While both men and women can experience blood in the urine, also known as haematuria, there are some causes that are specific to, or more likely to affect, women. Oxford urologist, Mr Simon Brewster, explains more.
What is haematuria?
Haematuria means the presence of blood cells in the urine. This can be visible to the eye when the urine looks pink or red, or it may be detected by a sensitive urine dip test even when the urine looks its normal yellowish colour; this is termed "non-visible" or "microscopic" haematuria.
What are the main causes in women?
The most common causes are not serious, especially with non-visible haematuria. In many cases, a cause is never identified and this is regarded as harmless. Frequently though, haematuria is associated with urinary tract infection, such as cystitis and settles after treating the infection. However, more than 20% of visible haematuria and 5% of non-visible haematuria (if persisting after any infection is treated) do have a serious cause and so investigations of the kidneys and bladder with imaging and direct endoscopic inspection (cystoscopy) are usually recommended.
Serious causes can include kidney and bladder cancer, stones and rare non-infective inflammatory conditions, such as interstitial cystitis and amyloidosis. If blood is detected in the urine together with protein, this may indicate an intrinsic medical disease of the kidney filtering system, such as can occur with diabetes or high blood pressure.
Is blood in the urine an emergency?
Haematuria is rarely an emergency, although it does warrant an urgent investigation if an infection has been excluded. Emergency admission is necessary in the rare circumstances where blood clots have formed in the bladder and are blocking the bladder outlet into the urethra, or when the bleeding is so heavy over a period of weeks that anaemia has resulted in symptoms such as breathlessness or a raised heart rate.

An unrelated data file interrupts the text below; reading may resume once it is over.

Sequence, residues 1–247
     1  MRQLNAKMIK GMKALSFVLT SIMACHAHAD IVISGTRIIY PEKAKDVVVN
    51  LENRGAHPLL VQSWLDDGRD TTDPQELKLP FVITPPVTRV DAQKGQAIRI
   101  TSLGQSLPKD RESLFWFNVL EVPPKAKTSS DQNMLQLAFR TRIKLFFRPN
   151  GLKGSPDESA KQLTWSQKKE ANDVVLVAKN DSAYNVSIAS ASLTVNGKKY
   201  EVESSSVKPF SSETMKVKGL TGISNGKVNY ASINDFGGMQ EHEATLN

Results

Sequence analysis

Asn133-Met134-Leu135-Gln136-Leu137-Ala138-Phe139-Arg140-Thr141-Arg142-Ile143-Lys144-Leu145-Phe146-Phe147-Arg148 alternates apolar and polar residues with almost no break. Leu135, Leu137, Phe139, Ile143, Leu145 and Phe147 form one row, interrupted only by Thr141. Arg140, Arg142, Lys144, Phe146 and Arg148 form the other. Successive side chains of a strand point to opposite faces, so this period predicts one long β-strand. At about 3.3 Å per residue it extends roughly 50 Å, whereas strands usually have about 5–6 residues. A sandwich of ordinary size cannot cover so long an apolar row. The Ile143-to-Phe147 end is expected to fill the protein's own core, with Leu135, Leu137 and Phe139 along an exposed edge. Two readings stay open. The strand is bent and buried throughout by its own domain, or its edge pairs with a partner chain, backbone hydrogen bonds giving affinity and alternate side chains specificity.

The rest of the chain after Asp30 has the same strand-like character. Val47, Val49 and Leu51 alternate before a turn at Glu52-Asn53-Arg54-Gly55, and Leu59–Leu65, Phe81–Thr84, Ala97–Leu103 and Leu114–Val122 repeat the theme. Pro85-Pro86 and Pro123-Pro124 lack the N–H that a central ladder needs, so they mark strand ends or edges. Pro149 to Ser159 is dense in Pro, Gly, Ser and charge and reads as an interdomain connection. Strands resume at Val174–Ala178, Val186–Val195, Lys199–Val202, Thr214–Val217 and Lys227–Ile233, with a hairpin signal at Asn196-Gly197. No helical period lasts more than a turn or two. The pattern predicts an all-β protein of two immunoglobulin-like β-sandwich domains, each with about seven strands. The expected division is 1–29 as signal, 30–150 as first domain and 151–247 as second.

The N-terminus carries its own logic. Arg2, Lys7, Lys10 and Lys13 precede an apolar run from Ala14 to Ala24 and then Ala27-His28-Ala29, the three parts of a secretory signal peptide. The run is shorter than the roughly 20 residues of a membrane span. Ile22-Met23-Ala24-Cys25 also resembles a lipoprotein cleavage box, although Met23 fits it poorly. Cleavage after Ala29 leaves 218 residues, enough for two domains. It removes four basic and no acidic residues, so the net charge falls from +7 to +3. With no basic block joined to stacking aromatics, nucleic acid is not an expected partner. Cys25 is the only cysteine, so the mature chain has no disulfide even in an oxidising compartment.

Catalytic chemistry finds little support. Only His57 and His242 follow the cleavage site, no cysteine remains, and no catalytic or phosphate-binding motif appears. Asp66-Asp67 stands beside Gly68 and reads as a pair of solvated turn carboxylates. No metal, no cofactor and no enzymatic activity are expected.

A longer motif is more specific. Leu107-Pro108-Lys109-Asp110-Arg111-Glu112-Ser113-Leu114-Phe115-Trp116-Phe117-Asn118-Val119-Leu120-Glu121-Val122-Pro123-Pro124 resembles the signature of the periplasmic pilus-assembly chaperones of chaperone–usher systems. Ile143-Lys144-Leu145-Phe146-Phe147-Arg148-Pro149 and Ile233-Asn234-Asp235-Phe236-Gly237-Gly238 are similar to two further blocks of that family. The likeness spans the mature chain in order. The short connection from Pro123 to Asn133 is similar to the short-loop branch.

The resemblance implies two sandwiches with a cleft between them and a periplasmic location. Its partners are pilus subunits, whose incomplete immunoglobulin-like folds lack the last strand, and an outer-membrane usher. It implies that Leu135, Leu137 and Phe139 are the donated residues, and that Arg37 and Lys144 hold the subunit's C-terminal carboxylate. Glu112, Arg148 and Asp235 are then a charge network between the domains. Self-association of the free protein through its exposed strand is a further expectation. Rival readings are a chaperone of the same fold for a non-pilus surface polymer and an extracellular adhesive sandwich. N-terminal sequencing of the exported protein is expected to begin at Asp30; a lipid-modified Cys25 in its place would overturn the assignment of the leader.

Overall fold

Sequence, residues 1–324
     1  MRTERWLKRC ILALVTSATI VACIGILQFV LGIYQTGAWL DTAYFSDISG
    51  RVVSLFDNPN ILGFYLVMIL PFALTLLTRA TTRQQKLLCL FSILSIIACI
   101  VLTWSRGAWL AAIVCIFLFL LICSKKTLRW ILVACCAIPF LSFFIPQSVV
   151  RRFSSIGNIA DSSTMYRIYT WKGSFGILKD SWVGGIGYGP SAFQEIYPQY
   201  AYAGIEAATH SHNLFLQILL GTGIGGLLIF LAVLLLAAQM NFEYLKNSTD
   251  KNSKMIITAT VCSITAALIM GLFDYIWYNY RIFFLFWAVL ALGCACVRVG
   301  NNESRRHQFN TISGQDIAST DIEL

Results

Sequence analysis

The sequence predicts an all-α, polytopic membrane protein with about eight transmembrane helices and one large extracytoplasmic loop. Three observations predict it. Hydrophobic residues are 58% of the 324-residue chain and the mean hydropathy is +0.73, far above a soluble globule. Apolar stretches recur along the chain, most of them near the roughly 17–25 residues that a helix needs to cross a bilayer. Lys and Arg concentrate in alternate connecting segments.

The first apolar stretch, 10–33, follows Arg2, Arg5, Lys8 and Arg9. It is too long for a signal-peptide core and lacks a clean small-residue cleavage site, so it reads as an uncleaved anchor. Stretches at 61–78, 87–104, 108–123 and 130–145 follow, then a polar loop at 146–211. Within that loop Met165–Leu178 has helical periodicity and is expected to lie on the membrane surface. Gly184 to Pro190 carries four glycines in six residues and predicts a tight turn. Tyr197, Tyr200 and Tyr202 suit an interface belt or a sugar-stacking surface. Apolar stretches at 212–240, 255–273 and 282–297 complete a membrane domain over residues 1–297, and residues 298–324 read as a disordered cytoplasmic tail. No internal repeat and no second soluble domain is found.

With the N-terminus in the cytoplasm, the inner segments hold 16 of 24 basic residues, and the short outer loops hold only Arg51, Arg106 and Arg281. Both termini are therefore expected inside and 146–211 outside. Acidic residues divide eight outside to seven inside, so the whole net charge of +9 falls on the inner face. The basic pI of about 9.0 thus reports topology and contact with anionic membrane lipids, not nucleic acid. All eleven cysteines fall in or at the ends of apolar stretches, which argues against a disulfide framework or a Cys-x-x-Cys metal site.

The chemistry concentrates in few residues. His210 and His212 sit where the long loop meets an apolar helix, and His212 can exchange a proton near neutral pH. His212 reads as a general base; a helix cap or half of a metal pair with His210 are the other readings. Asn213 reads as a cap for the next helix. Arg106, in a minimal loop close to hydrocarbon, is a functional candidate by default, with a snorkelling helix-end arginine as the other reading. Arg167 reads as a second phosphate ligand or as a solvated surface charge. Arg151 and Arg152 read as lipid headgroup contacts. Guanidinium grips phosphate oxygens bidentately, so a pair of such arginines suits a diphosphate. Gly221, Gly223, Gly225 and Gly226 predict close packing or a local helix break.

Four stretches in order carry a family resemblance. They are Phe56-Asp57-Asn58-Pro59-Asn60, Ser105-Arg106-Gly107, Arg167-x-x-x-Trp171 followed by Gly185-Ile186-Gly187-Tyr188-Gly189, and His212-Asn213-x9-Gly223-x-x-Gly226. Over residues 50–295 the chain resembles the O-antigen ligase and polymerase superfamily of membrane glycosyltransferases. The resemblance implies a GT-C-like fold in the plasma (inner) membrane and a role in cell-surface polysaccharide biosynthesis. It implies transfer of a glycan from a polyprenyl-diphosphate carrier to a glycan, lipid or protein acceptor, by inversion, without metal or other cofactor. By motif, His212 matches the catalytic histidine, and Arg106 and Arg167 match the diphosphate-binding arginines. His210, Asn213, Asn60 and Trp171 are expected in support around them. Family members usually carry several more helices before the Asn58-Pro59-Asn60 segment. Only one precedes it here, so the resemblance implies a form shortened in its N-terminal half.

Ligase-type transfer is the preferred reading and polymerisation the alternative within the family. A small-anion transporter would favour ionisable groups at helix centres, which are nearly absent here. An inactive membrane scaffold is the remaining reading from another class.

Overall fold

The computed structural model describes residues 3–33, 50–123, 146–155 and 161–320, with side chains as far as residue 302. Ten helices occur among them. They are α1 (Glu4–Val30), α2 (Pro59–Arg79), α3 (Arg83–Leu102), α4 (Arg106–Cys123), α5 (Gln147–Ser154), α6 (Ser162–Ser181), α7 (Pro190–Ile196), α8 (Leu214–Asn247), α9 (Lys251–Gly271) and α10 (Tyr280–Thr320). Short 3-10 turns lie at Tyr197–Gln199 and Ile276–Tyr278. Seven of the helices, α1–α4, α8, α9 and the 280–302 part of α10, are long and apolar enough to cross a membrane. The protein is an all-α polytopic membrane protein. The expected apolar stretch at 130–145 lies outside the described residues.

Will it disappear on its own?
Sometimes it does disappear, especially if it’s associated with a urinary tract infection. If not, it should be investigated even if it does settle, to rule out a serious underlying condition.
What sort of treatments are given?
If the urine shows features of urinary tract infection, antibiotics are usually successful and are prescribed by GPs in primary care. If anticoagulants are being prescribed for other medical conditions, these may be safely discontinued in many cases to allow the body's blood clotting mechanism to stop the bleeding. If during the subsequent investigation a stone or cancer is identified, often surgical biopsy/removal is the main treatment under the care of a urologist.
Stones are increasingly treated with external shock-wave lithotripsy in hospital but as an outpatient. If intrinsic kidney disease is suspected, long-term monitoring of kidney function and blood pressure is necessary, often under the care of a kidney physician, sometimes called a renal physician or a nephrologist. If no cause is found after investigation, no treatment is necessary.
If you have noticed blood in your urine and would like to see a specialist, visit Mr Simon Brewster’s profile and check his availability.